The Kohlmeier mss. are the papers of Albert Ludwig Kohlmeier, 1883-1964, professor of history at Indiana University. Career: Born March 24, 1883, at Mackey in Gibson County, Indiana; son of Julius and Anna (Kramer) Kohlmeier; graduated from Oakland City High School; enrolled at Indiana University completing his A.B. degree in 1908; received the A.M. degree in 1911 and the Ph.D. in 1920, both from Harvard University under the direction of Edward Channing; taught grade school in southern Indiana from 1901 to 1903; principal of the Oakland City High School, 1905-1907; head of the history department at New Albany, Indiana, High School, 1908- 1910; married Lucie Charlotte Mayhall, September 14, 1910; instructor in history at Indiana University 1912-1914; made assistant professor in 1914; associate professor in 1917, full professor in 1921, and head of the department of history in 1926, a position he held until 1948; professor emeritus from 1953 until his death in 1964. Historical contributions include numerous articles, books reviews, and speeches, and two books, Commerce Between the United States and the Netherlands, 1783-1789 (1926); and The Old Northwest as the Keystone of American Federal Union (1938). A dedicated teacher and historian, Professor Kohlmeier held membership in Phi Beta Kappa, Phi Alpha Theta, American Historical Association, Mississippi Valley Historical Association, and the Indiana Historical Society. He was a member of the First Presbyterian Church, Bloomington, Indiana, a Mason and an Odd Fellow. Died December 28, 1964, Methodist Hospital, Indianapolis, Indiana, and buried at Montgomery Cemetery, Oakland City, Indiana.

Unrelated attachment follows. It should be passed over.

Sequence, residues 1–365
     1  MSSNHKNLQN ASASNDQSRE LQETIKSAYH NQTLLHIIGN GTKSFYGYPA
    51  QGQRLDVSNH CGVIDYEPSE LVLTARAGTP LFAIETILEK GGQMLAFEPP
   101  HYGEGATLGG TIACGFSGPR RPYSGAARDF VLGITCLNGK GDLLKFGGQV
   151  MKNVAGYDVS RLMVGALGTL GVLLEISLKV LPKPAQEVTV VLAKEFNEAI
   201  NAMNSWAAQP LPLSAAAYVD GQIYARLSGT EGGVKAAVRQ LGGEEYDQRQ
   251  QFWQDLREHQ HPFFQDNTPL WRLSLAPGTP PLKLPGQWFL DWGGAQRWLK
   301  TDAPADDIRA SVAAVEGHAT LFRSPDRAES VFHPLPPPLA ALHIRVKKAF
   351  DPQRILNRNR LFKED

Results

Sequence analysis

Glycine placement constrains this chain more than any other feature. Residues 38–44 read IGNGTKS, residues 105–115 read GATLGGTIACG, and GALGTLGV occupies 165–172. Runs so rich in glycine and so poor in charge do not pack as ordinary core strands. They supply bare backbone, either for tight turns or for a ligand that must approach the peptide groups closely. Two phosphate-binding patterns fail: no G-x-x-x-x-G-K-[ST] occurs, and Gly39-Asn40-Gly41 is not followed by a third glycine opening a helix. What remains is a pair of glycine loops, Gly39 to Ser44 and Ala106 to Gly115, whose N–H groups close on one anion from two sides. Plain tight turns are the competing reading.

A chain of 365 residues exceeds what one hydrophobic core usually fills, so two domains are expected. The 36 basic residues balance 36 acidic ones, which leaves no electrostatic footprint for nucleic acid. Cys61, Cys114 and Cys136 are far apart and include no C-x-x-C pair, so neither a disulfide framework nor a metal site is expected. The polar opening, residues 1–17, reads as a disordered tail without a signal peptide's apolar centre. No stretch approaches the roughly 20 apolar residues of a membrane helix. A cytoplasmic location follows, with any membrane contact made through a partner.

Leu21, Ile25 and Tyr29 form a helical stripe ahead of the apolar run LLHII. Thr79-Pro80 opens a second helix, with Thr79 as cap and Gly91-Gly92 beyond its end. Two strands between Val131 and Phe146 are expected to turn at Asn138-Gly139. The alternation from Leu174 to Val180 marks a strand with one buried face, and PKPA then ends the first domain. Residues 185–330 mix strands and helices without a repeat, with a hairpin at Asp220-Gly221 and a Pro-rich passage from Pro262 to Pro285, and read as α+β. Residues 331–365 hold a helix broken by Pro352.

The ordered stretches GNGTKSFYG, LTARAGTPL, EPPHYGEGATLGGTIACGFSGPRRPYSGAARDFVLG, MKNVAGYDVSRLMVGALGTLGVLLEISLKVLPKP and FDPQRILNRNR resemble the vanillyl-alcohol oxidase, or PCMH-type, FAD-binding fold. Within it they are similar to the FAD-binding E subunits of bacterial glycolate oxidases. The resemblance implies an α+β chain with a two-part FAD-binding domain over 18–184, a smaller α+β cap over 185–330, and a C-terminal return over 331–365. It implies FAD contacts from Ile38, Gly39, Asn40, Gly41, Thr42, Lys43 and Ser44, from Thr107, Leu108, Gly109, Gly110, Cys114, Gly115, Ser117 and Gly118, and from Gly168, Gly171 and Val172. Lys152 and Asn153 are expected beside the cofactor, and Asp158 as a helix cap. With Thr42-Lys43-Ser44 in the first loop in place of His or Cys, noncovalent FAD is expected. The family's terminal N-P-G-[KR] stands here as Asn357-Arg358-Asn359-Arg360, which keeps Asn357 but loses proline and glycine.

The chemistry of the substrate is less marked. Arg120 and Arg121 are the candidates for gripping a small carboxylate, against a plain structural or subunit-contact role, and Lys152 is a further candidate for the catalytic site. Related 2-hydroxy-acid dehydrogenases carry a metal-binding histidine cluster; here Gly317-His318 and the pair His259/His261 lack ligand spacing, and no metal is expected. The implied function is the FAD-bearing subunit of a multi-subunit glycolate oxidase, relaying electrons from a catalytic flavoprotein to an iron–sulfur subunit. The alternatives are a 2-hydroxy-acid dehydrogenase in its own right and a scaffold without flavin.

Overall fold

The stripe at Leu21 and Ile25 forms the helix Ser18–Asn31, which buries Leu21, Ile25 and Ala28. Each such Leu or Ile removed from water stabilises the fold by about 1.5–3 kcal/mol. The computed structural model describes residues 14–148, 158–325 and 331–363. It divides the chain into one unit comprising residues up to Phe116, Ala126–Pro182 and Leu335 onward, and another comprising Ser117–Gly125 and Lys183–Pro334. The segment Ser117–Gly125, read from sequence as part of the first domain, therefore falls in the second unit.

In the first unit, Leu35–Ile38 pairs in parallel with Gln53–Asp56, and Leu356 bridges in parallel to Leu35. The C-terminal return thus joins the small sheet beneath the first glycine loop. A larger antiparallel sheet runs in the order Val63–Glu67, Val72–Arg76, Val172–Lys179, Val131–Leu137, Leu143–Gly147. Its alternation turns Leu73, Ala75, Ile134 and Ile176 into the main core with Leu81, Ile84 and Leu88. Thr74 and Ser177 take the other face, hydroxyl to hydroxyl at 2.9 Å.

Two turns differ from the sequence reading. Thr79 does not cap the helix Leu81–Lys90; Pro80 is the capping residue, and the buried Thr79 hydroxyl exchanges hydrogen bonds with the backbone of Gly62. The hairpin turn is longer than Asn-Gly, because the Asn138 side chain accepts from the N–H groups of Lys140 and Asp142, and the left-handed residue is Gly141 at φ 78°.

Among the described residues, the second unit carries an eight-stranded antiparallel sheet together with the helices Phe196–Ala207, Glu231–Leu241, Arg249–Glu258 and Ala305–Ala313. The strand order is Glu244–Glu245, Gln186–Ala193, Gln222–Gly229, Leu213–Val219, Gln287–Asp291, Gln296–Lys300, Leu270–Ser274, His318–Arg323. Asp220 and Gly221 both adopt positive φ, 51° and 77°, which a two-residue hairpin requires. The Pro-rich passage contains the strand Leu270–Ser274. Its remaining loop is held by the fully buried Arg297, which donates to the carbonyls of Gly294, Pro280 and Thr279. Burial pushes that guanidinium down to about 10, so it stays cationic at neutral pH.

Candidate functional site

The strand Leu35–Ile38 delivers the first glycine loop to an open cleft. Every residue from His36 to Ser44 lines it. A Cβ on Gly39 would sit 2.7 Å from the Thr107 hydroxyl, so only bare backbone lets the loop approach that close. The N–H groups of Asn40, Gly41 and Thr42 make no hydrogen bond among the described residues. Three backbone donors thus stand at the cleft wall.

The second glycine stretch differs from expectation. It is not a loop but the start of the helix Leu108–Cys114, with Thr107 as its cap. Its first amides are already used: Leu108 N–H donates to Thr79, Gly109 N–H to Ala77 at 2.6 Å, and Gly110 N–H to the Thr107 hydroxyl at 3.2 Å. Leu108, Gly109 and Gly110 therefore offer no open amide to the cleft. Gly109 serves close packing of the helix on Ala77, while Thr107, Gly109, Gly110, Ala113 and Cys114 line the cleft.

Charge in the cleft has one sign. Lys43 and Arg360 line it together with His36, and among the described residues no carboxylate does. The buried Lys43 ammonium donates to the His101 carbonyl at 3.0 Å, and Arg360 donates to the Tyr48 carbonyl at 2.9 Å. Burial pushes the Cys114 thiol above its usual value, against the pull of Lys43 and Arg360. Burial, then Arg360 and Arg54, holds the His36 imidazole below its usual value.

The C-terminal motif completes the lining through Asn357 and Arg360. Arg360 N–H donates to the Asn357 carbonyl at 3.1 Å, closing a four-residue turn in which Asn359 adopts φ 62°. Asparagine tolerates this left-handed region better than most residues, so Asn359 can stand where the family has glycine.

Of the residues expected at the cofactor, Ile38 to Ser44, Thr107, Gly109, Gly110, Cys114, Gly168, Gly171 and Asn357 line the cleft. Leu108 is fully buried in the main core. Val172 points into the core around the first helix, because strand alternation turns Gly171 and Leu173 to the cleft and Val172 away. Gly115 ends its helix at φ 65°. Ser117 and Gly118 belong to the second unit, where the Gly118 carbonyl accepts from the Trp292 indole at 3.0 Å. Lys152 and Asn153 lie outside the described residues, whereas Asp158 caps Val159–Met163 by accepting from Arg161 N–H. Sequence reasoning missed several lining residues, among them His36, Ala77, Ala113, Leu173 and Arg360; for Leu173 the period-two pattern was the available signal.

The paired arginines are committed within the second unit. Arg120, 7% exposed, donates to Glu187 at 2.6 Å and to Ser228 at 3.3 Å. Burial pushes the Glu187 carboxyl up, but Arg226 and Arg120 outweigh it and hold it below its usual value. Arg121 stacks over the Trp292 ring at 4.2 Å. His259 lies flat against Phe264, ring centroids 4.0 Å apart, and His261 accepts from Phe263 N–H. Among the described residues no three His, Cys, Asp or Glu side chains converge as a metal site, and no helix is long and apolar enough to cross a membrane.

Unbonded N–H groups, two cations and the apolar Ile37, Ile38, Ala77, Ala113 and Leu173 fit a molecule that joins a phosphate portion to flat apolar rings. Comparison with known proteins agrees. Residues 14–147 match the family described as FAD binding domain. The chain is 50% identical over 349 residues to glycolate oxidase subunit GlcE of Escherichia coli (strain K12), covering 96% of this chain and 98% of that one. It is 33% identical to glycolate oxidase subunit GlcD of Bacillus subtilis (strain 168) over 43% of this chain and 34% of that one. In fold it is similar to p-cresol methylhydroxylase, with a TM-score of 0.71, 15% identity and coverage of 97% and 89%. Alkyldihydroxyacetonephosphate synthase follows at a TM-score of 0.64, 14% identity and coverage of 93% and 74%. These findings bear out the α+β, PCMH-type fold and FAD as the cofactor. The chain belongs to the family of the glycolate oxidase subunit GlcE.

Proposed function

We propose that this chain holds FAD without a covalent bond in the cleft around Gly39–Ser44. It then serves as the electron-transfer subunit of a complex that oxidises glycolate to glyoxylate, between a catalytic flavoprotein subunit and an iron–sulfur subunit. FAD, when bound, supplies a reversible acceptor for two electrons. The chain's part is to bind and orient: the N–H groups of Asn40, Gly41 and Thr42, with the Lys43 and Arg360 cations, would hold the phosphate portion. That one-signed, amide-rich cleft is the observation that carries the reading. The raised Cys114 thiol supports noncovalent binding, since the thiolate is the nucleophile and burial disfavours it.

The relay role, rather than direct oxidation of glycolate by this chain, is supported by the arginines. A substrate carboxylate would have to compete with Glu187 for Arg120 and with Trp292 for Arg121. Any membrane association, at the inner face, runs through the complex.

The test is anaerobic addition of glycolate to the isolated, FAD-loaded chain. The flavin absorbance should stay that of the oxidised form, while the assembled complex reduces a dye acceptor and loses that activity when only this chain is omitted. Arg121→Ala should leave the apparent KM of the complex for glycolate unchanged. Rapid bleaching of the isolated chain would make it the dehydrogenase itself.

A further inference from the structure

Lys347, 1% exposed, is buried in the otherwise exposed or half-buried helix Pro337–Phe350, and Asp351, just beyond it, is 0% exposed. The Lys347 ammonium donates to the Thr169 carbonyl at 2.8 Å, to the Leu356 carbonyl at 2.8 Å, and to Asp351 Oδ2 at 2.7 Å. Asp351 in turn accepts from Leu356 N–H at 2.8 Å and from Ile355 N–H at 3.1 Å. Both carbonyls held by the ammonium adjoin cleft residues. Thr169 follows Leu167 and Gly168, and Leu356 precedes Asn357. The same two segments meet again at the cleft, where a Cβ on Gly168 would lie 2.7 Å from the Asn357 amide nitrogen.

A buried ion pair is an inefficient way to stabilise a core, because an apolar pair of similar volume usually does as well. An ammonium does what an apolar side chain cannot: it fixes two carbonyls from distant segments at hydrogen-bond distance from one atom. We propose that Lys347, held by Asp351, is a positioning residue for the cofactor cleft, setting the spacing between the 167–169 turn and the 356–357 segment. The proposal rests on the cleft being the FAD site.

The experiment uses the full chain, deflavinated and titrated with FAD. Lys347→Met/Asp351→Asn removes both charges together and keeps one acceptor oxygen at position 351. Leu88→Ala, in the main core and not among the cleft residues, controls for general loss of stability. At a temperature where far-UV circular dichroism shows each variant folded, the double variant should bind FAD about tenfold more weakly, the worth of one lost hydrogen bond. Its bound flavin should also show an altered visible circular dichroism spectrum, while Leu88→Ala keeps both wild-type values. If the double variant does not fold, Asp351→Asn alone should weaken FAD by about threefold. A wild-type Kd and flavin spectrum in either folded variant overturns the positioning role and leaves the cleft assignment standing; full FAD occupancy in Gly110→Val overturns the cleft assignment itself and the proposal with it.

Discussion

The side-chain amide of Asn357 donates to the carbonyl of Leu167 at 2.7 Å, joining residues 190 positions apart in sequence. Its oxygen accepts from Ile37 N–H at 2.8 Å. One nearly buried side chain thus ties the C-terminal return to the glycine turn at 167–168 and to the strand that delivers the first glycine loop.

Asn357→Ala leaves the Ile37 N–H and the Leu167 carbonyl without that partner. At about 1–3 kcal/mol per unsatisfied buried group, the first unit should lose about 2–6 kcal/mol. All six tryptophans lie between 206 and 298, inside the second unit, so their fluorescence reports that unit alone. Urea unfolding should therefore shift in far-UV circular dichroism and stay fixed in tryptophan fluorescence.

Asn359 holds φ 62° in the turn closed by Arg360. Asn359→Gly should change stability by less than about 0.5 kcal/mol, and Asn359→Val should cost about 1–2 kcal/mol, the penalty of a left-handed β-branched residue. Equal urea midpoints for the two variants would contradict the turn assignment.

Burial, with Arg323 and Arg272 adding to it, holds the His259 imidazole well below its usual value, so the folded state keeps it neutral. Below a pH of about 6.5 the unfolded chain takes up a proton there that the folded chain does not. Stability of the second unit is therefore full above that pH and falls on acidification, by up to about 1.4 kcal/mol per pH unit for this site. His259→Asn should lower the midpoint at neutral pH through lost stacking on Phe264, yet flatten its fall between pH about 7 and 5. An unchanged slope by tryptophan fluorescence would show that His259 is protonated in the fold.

The Kohlmeier mss., 1940-1949, consist of speeches and notes made by Albert L. Kohlmeier. Although his field of specialization was American history, the wide range of topics evident in these speeches demonstrate his versatility in dealing with the problems of modern history. One address dealt with the exploits and significance of "Oliver Cromwell" in English history, while another was concerned with the problem of "New Imperialism" in the world during the latter half of the nineteenth century.
The area of the philosophy of history is well represented in Kohlmeier's speeches and they are a definite contribution in man's theoretical approach to history. Some examples are "Human Energy" and "The Incarnation of Thought." With respect to American history his speeches include: "The Undertow of Puritan Influence," "Revolution," "Social and Economics Aspects of the American Revolution," "Antecedents as Causes in History," and "Washington." The area of American historiography is represented by two selections entitled, "Historical Documents" and "Individual Consciousness." Great American statesmen are included as topics in the speeches, notably the one already mentioned on George Washington and the two addresses devoted to Abraham Lincoln namely, "Lincoln in Indiana" and "Lincoln, the Son of Man." The speeches are arranged alphabetically by title.
Included are also mimeographed course and reading outlines.
Collection size: 136 items